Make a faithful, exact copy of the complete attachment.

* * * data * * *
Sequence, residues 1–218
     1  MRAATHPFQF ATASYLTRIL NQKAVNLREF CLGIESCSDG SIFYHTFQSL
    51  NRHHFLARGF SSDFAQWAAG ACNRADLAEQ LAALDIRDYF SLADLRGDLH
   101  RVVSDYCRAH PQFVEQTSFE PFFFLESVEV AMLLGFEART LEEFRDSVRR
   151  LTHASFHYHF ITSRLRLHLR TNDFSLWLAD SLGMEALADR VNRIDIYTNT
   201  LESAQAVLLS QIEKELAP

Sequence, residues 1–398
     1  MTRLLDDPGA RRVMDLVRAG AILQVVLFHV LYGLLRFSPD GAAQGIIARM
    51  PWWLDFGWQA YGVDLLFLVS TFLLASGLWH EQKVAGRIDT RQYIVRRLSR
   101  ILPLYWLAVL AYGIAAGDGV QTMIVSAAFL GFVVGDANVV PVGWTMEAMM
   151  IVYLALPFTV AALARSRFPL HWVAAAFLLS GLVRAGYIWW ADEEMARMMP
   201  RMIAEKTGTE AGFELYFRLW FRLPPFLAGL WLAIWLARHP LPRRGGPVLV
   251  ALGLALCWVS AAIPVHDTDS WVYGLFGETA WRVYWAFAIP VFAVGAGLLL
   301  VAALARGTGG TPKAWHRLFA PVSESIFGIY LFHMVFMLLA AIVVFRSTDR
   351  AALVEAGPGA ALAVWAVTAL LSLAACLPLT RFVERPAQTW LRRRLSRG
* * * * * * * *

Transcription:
Sequence, residues 1–218
     1  MRAATHPFQF ATASYLTRIL NQKAVNLREF CLGIESCSDG SIFYHTFQSL
    51  NRHHFLARGF SSDFAQWAAG ACNRADLAEQ LAALDIRDYF SLADLRGDLH
   101  RVVSDYCRAH PQFVEQTSFE PFFFLESVEV AMLLGFEART LEEFRDSVRR
   151  LTHASFHYHF ITSRLRLHLR TNDFSLWLAD SLGMEALADR VNRIDIYTNT
   201  LESAQAVLLS QIEKELAP

Sequence, residues 1–398
     1  MTRLLDDPGA RRVMDLVRAG AILQVVLFHV LYGLLRFSPD GAAQGIIARM
    51  PWWLDFGWQA YGVDLLFLVS TFLLASGLWH EQKVAGRIDT RQYIVRRLSR
   101  ILPLYWLAVL AYGIAAGDGV QTMIVSAAFL GFVVGDANVV PVGWTMEAMM
   151  IVYLALPFTV AALARSRFPL HWVAAAFLLS GLVRAGYIWW ADEEMARMMP
   201  RMIAEKTGTE AGFELYFRLW FRLPPFLAGL WLAIWLARHP LPRRGGPVLV
   251  ALGLALCWVS AAIPVHDTDS WVYGLFGETA WRVYWAFAIP VFAVGAGLLL
   301  VAALARGTGG TPKAWHRLFA PVSESIFGIY LFHMVFMLLA AIVVFRSTDR
   351  AALVEAGPGA ALAVWAVTAL LSLAACLPLT RFVERPAQTW LRRRLSRG